Business which establish a subsidiary or other sufficient presence in Ireland may offer services throughout the European Union from their Irish base. There are very limited grounds upon which the provision of services from one EU state into another may be prevented or limited. The general principle is that services lawfully provided in one EU state may be provided in all EU states, in the absence of cogent justification otherwise.
An Irish established business may assert rights under the EU treaty directly against governments governmental and trade bodies which place barriers on their provision of services. The whole state may not discriminate against the service provider the home state this case a subsidiary established in Ireland.
These rights can be asserted in the courts of the other EU state. Those courts are obliged not to apply and to disapply laws rules and practices of the host state which breach the freedoms and freedoms in the EU treaty to provide services.
In addition to effect being given to EU cross-border services rights by court action, the rights may be enforced more economically pursuant to a complaint to the EU Commission. The EU Commission has significant powers under legislation, including in particular the Services Directive, by which it can require states to remove hidden and other barriers on the provision of services cross-border within the EU. The Commission can require such barriers to be justified by states. Justification is possible only on very narrow grounds of necessity.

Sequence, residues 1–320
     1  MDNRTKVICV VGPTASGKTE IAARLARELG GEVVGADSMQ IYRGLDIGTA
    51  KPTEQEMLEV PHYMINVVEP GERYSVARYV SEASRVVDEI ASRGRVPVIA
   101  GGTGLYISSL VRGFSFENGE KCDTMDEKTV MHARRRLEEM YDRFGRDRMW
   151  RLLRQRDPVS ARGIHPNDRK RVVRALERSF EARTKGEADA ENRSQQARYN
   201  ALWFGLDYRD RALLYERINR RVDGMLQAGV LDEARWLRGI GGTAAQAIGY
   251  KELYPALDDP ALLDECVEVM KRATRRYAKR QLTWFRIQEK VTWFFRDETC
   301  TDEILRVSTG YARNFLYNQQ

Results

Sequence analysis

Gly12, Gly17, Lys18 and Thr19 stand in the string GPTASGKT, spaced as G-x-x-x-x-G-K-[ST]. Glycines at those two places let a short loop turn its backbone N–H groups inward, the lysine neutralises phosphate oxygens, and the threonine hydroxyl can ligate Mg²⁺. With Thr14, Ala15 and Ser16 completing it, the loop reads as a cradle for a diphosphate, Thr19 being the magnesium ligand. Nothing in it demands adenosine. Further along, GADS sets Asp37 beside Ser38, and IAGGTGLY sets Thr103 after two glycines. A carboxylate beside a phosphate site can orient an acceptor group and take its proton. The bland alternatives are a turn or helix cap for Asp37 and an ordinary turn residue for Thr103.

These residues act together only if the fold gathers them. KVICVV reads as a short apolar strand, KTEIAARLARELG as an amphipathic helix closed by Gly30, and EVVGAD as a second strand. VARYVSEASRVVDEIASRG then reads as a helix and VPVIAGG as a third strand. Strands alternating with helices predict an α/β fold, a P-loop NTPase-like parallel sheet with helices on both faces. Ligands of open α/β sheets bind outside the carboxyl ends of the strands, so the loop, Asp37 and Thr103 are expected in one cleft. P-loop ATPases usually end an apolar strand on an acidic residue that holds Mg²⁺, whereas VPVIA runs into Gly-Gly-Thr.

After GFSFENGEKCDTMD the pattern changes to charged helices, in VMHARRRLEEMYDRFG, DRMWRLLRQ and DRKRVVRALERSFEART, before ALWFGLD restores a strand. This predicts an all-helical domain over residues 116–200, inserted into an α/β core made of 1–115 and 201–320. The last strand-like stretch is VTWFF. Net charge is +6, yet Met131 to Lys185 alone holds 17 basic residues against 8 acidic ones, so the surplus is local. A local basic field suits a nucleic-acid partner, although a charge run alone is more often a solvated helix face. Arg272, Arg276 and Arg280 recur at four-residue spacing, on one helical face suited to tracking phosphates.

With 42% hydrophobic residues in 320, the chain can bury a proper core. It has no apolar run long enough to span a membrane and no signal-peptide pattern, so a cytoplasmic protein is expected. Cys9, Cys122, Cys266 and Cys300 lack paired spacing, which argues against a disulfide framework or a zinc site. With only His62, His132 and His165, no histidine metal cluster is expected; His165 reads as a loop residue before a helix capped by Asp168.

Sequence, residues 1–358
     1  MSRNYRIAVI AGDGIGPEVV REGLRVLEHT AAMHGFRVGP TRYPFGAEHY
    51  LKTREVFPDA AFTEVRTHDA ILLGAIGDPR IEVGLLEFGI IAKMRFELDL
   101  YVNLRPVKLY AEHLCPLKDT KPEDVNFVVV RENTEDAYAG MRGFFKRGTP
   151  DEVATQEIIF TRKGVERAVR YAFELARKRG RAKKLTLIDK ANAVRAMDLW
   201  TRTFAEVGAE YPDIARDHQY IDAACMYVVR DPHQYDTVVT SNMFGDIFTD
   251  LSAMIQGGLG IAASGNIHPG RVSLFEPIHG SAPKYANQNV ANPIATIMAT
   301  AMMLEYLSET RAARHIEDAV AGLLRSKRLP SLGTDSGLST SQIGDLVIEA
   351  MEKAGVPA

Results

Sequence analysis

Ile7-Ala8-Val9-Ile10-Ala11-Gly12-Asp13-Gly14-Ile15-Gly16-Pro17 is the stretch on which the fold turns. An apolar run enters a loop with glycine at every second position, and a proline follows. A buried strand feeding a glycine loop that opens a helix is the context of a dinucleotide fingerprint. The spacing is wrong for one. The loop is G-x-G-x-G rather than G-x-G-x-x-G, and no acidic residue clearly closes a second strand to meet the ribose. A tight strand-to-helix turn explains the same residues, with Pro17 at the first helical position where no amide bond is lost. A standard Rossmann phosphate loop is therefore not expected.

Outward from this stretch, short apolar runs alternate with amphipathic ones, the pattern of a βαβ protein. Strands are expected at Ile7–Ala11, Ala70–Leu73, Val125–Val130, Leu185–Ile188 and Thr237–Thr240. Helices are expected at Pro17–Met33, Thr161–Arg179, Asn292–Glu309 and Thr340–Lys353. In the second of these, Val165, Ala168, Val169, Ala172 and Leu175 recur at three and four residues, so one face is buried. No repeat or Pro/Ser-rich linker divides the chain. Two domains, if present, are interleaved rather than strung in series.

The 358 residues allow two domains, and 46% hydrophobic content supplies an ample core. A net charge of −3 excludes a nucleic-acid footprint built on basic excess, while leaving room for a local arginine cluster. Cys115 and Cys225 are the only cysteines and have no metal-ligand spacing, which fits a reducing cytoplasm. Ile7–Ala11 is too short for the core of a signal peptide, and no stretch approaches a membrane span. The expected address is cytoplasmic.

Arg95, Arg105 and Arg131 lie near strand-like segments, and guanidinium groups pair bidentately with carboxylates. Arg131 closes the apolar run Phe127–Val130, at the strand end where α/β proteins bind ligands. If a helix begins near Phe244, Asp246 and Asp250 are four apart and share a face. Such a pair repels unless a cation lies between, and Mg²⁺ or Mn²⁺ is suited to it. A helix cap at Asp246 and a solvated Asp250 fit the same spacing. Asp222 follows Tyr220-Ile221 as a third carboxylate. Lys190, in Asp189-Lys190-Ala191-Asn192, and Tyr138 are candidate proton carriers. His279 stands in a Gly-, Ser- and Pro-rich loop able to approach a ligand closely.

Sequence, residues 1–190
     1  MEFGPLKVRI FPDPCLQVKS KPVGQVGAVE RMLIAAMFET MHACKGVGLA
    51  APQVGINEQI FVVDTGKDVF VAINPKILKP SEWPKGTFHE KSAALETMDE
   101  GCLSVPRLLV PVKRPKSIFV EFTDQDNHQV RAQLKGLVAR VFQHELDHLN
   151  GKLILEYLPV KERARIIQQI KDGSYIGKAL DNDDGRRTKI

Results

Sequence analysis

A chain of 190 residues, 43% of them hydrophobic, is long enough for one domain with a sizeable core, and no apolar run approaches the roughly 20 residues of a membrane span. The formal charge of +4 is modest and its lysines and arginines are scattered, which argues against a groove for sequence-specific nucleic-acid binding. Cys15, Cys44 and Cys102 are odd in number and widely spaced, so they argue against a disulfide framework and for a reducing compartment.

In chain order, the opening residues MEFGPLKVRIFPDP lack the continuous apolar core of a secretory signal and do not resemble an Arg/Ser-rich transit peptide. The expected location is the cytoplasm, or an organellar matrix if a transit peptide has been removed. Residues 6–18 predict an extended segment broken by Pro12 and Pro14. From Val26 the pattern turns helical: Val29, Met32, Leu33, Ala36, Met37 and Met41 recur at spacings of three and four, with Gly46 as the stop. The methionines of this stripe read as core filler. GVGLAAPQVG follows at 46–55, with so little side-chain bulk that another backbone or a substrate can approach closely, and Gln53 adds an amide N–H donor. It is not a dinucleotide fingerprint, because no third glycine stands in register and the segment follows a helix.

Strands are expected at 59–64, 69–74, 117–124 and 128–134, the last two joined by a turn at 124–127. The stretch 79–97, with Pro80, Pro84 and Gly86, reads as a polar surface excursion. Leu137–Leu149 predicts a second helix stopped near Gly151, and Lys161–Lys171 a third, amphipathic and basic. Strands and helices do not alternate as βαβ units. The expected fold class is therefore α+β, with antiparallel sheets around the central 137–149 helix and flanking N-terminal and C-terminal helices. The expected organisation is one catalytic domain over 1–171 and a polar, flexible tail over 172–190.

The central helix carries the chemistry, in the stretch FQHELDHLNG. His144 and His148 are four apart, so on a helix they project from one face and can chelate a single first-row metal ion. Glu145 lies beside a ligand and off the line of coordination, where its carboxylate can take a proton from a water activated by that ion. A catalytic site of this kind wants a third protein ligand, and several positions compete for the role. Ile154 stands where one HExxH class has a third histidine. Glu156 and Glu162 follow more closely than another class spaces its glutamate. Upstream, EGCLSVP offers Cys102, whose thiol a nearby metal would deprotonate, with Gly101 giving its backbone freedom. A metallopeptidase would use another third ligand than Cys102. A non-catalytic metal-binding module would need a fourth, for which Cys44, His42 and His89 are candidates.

An Irish established subsidiary may itself generally establish branches and further subsidiaries in other EU states in order to carry out services in that state.
An Irish established business service provider has the advantage of free unconditional access to the Irish labour market, the UK the labour market and the EU 26 labour market. In this way, a broad pool of talent is available. No visas or employer sponsorship licences are required. UK personnel may be seconded to the Irish subsidiary without Visa requirements.
The UK and Ireland has long had a single labour market. In many sectors qualification systems are very similar or identical so that UK qualifications are recognised. This applies from primary qualifications to certificates and diplomas at all levels. The qualifications frameworks in the United Kingdom are broadly similar to those in the Republic of Ireland. The Republic of Ireland and United Kingdom and their respective trade bodies have long since recognised each other’s qualifications in many areas including those set by law and those recognised by industry practice.